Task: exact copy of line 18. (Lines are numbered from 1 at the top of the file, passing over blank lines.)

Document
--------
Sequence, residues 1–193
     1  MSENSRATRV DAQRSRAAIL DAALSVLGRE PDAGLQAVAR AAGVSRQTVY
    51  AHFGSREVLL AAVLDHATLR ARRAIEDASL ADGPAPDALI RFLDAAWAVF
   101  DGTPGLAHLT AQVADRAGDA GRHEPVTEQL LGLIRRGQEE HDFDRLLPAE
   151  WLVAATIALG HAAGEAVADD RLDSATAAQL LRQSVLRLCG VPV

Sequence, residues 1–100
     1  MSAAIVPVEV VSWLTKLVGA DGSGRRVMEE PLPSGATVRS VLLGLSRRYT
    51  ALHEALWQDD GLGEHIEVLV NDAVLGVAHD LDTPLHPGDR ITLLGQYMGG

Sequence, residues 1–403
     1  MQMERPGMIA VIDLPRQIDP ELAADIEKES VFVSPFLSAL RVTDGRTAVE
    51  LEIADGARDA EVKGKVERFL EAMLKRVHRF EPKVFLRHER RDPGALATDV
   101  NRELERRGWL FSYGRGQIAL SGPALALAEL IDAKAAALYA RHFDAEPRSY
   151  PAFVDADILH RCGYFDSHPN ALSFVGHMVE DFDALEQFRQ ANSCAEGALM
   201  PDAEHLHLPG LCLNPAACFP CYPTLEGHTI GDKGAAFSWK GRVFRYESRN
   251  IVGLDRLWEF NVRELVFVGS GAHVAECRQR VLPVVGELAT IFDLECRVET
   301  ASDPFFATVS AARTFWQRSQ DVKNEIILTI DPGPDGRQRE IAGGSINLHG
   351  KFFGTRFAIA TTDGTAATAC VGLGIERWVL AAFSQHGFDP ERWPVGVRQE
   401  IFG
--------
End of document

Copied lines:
   401  IFG